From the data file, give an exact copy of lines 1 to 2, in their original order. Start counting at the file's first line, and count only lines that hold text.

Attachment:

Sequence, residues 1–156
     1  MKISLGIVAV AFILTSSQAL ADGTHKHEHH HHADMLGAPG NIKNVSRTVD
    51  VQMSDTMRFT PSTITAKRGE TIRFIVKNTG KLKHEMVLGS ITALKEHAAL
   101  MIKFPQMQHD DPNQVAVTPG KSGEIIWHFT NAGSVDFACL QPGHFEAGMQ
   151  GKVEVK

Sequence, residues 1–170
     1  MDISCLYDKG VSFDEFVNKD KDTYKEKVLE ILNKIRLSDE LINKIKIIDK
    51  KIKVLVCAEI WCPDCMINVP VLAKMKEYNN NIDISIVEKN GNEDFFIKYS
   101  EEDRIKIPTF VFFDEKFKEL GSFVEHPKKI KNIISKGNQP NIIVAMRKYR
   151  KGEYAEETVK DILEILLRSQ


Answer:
Sequence, residues 1–156
     1  MKISLGIVAV AFILTSSQAL ADGTHKHEHH HHADMLGAPG NIKNVSRTVD